Urza's Saga 5617 50.6%
Ninth Edition 3339 30.0%
Seventh Edition 2155 19.4%
Totals 11111 100%
Once heard, the battle song of an angel becomes part of the listener forever.

Doug: Last week we looked at the most common way a Core Set card gets flavor text—the Creative Team chooses a piece of flavor from one of the card’s earlier printings, which you helped us out on for Glorious Anthem. This week it gets a bit more interesting. Today Air Elemental gets a flavor text facelift, and Matt and I call on a powerful tool in the flavor repertoire—the real-world quote.

Magic cards have used quotes and sayings from real-world sources since Alpha. Real-world quotes have an immediate impact and built-in sense of history that in-setting flavor text strives for, yet they take on subtly novel shades of meaning when presented on a Magic card. Edgar Allan Poe never anticipated his words describing Frozen Shade, but we Magic fans get to see those words applied in a fresh light, which transforms both Poe’s words and expands our concept of a pumpable 1/1.

Today we pull two “new” (to Magic) quotes from real-world sources to serve as Air Elemental’s flavor text. You choose which one goes on the card.

Matt:

The East Wind, an interloper in the dominions of Westerly Weather, is an impassive-faced tyrant with a sharp poniard held behind his back for a treacherous stab.
—Joseph Conrad, The Mirror of the Sea

The cool thing about this piece is that the wind is personified as an aggressive invader. What could be more appropriate for a creature that breezes in and bites you in the face for 4?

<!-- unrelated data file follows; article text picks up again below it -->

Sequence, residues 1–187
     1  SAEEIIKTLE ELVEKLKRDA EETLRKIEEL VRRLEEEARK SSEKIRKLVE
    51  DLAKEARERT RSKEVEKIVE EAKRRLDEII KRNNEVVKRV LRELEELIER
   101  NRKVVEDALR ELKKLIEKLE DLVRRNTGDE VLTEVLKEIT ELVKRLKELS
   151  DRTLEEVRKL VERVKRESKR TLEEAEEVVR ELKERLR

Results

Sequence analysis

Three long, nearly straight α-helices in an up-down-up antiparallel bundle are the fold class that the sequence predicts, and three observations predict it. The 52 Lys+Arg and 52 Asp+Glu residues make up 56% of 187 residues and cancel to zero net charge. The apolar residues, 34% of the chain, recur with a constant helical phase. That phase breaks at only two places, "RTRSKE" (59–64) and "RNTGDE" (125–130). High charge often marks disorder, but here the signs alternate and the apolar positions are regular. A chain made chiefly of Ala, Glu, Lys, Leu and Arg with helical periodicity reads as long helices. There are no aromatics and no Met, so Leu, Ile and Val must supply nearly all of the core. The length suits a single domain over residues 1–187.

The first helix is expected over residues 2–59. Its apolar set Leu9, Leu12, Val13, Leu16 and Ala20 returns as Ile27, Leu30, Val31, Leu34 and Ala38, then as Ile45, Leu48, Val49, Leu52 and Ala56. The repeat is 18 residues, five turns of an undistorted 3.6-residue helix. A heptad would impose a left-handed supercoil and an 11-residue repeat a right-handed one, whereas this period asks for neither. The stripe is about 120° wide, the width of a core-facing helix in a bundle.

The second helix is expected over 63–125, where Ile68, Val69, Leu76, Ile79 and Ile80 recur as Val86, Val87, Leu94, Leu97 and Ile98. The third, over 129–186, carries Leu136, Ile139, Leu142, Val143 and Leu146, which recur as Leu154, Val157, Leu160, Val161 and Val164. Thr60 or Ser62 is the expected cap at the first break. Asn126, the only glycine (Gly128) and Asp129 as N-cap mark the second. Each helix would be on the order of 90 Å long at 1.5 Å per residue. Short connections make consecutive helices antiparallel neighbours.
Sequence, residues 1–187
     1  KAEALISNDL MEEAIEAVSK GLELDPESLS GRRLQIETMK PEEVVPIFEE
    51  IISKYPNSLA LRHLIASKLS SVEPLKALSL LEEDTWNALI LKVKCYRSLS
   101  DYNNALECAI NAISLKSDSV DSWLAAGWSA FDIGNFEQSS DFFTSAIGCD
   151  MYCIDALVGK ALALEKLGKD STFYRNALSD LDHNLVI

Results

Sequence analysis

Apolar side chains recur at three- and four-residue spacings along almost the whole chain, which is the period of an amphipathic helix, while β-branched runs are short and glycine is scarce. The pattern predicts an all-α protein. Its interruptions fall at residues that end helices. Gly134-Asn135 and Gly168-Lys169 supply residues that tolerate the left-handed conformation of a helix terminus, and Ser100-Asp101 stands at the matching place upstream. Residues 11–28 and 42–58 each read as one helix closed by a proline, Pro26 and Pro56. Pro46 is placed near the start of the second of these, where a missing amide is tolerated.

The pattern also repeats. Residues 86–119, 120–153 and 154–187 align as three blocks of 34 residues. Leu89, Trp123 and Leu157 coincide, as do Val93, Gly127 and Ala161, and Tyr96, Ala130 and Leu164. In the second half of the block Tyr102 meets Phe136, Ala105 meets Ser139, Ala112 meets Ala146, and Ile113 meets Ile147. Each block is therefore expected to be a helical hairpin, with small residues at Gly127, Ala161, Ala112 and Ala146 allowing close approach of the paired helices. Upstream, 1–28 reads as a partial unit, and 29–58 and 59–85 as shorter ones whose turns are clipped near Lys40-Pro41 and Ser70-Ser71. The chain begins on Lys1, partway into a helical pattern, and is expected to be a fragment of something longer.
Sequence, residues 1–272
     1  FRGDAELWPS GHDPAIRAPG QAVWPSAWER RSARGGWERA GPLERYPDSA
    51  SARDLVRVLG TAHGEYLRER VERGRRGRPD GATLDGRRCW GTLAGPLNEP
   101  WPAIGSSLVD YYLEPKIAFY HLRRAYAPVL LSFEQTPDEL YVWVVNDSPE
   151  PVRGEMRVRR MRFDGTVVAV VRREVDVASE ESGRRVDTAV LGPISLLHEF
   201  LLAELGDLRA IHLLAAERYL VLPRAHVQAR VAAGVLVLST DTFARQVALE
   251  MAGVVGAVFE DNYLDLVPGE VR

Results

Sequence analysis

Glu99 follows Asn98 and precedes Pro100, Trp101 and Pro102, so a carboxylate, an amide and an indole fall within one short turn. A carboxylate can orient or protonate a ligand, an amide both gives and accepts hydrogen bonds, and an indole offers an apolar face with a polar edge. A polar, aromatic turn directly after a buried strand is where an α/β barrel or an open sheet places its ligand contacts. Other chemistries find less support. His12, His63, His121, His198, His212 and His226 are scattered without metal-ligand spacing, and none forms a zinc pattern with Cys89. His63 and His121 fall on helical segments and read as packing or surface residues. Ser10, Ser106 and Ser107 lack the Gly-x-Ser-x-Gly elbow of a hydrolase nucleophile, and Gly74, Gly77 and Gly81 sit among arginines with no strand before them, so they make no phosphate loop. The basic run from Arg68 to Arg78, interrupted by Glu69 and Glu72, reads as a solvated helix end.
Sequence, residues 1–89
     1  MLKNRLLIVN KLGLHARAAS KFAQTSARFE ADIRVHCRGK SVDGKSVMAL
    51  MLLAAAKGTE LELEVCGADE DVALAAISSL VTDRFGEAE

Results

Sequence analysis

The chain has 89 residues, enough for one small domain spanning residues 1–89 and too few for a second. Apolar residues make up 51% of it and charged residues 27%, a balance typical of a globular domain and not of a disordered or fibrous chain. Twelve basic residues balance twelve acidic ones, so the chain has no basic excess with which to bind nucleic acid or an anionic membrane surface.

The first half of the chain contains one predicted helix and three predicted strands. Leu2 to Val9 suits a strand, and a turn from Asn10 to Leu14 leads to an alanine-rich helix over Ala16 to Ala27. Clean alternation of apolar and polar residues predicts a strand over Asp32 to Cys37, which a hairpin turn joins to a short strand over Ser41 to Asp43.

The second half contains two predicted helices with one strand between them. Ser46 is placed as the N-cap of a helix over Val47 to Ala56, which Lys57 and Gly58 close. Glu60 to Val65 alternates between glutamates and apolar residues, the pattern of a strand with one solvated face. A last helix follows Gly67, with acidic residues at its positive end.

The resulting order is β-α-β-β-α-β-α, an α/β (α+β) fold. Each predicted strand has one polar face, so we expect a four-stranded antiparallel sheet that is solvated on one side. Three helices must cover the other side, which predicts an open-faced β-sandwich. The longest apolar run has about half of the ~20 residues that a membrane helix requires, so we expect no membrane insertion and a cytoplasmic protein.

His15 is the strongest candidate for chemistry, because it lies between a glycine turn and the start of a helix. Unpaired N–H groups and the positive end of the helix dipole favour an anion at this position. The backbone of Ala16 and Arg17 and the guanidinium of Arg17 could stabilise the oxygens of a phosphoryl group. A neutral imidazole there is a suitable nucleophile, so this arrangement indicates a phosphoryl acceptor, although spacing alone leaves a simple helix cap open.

I like how the word "interloper" suggests that this wind is not of this place--which it is not. It's a magically made wind, sharper and more deadly than the natural "Westerly Weather." Even without following the metaphors or personification, we get some dandy buzz words like interloper, tyrant, poniard, treacherous, and stab. A lot of the real-world quotes on Magic cards contain gratuitous rhyme and foofy language of the olde times--something that I find a bit out of place on Magic cards. This one is crafted with all the skill of the oft-quoted writers, but also sports a keen edge. I think it's a perfect fit for the Air Elemental.

By the way, a poniard is a thin, straight-bladed dagger. Nice!

Doug:

"The brain is wider than the sky,
For, put them side by side,
The one the other will include
With ease, and you beside."

—Emily Dickinson

Just like the color blue, Dickinson’s poetry is difficult but powerful. What’s going on is subtle at first, but it’s a mental pummeling once it seeps in—a perfect model of this classic flyer, a being made of air and yet powerful enough to kill your enemy, solo, in just five turns. And, apropos of Air Elemental’s status as a classic blue flyer, this piece ties together two very different elements of blue, the ruler of the intellect and the sky. (Note that, later in the same poem, Dickinson continues, “The brain is deeper than the sea.” More blue references.)

Air Elemental deserves an enigmatic piece of flavor text to showcase its dual nature—it’s a flying dream-crusher that is nevertheless an ephemeral collection of breezes, a champion of the intellect that nevertheless possesses the power to overwhelm an entire skyful of winged wannabes. Vote the Dickinson quote!

Go Vote!

To vote in the polls, you'll need to use your message boards account. If you don't have one yet, you can go here to create one. Once you've done that, or if you already have an account, you're all set. You've got until the site updates Sunday night to get your vote in, so click the link below to launch the polling page and go make your voice heard!

Click here to launch the voting page.